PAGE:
Per- and polyfluoroalkyl substances, commonly known as PFAS, are a large group of man-made chemicals. PFAS have been used for many different applications including waterproofing materials, non-stick cookware, and firefighting foams. As a result, PFAS are widely detected in the environment, where they are persistent, bioaccumulative, and toxic. PFAS pollution in Belgium has attracted a lot of media and public attention, especially after increased levels were detected around a hotspot in Zwijndrecht. Although PFAS concentrations have been monitored frequently in the terrestrial environment in Flanders, studies on the aquatic environment are still scarce.
Here, biomonitoring could provide a good solution. Biomonitoring is the measurement of body burdens of chemicals in organisms. Currently, biomonitoring programs in Flanders use native fish species (i.e., European perch and European eel). From an ethical perspective, and considering that European eel is listed as critically endangered by the IUCN, an alternative biomonitoring species would be preferred.
A new study, published in Journal of Hazardous Materials, in the research team ECOSPHERE, provided first-time evidence of the suitability of an invasive species, the Chinese mitten crab, for biomonitoring of PFAS.
The Chinese mitten crab (photo credit: Heleen Keirsebelik)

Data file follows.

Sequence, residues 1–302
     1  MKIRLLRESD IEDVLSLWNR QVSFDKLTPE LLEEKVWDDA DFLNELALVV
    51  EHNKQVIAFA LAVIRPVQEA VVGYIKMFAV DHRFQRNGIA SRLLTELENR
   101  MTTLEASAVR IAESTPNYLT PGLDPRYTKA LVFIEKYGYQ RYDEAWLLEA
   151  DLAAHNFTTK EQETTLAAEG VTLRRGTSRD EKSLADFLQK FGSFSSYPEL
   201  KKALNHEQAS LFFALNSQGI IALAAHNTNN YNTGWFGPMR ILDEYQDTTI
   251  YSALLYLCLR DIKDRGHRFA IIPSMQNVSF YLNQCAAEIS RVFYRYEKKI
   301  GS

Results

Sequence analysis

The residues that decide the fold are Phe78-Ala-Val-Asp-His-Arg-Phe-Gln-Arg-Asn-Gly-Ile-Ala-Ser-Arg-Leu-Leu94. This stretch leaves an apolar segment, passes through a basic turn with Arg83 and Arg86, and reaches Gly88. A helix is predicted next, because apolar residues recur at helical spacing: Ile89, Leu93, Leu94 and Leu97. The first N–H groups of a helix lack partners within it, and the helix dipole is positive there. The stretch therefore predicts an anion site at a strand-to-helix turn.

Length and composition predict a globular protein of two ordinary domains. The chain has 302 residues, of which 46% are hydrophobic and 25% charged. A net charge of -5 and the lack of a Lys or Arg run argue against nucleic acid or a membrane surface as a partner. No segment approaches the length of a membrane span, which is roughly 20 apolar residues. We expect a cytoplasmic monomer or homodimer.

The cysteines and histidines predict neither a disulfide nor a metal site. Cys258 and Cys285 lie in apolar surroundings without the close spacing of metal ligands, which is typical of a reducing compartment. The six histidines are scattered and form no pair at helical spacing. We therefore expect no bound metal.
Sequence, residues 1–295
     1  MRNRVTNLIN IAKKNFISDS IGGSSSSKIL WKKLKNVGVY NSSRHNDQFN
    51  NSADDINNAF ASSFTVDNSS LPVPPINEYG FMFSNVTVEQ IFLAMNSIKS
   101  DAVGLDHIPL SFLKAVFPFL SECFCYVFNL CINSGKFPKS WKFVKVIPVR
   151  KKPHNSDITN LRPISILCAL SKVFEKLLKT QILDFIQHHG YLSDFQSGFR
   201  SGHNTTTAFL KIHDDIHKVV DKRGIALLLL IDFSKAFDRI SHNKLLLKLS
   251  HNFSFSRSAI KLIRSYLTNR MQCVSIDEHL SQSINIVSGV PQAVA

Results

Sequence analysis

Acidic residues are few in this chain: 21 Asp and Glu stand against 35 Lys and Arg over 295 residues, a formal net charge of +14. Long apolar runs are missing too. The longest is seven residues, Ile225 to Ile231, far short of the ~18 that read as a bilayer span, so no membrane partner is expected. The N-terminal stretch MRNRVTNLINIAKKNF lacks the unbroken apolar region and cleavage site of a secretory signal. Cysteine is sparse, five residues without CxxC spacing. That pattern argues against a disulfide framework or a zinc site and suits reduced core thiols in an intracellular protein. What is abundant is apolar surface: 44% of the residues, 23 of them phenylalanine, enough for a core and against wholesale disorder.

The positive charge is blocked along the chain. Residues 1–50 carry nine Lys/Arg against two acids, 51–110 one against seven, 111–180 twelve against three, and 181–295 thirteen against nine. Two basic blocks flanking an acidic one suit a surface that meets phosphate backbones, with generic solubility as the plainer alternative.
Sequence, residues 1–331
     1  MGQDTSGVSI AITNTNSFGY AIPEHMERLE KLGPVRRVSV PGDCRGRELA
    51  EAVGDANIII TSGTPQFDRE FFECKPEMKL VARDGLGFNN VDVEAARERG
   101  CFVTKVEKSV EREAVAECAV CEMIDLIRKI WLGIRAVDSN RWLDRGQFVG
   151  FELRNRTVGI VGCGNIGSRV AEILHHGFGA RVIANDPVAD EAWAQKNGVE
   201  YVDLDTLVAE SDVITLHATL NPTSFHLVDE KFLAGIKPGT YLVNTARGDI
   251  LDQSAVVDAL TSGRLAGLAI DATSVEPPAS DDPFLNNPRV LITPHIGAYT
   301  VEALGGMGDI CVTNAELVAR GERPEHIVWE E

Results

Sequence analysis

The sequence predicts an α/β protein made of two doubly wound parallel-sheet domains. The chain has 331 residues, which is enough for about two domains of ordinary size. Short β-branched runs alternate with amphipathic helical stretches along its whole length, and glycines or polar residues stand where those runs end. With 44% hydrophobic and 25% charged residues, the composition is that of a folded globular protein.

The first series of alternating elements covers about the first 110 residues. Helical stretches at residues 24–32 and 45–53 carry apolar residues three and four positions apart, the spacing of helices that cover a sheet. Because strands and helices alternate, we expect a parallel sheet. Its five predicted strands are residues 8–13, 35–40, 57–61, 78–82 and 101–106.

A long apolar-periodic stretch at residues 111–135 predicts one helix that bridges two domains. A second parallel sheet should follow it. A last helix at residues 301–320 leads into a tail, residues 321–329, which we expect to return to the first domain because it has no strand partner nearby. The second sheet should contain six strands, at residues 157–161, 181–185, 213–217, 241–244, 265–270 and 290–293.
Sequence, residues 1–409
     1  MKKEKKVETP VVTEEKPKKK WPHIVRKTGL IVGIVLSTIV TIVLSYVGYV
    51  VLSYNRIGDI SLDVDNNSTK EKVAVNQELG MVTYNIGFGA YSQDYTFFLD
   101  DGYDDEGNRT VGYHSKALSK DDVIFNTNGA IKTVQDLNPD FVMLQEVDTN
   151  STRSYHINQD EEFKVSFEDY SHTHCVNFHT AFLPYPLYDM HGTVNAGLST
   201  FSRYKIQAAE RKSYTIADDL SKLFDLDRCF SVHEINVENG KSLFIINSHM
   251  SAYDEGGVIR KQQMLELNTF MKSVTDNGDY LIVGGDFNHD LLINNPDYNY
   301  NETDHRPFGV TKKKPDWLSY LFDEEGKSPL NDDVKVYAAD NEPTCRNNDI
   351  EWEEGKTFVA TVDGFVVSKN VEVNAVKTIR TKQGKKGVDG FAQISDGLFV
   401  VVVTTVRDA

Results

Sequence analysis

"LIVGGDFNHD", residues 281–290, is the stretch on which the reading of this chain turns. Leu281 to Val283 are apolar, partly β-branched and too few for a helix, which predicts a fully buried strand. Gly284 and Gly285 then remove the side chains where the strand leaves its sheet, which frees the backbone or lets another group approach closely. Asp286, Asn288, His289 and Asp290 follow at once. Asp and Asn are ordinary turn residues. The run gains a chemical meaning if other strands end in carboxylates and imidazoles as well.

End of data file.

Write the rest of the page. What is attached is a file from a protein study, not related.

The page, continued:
Thimo Groffen, main author of the study: “The team collected Chinese mitten crabs at 23 sites across Flanders. We specifically focused on resident crabs, by sampling outside of the migration periods. At two of these sites (Grobbendonk and Lippenbroek), customized crab traps were already installed. We also collected water and sediment at each site in order to relate PFAS concentrations in the environment to those in the crabs.”
The results showed that Chinese mitten crabs, invasive species that are ubiquitously spread across Flanders and that have a substantial impact on our aquatic ecosystems, accumulate high concentrations of PFAS in their bodies and carapace, making them useful species for PFAS biomonitoring. The absence of relationships with the local abiotic environment highlights the need for biomonitoring, as analyzing only water and sediment clearly does not provide sufficient information on PFAS accumulation in the crabs, and likely also other aquatic organisms. There were substantial differences between the accumulated PFAS in the crabs and indigenous fish species, which means that the Chinese mitten crabs cannot replace these fish species in current biomonitoring programs, but provide a complementary indications. “Based on our results, we stress the need for a multi-species approach in biomonitoring programs in Flanders,” says Jonas Schoelynck, who leads mitten crabs research at UAntwerpen. “Clearly, and not unexpectedly, species like the Chinese mitten crab, that live on the river bed throughout their life, experience different bio-availability compared to the fish species.”
For his high-impact research on PFAS pollution in Flanders, Thimo recently received the Verbeure Prize from the Research Council of UAntwerp on November 30, 2023.
The Chinese mitten crab trap in Grobbendonk during construction (Photo credit: Paul Van Loon)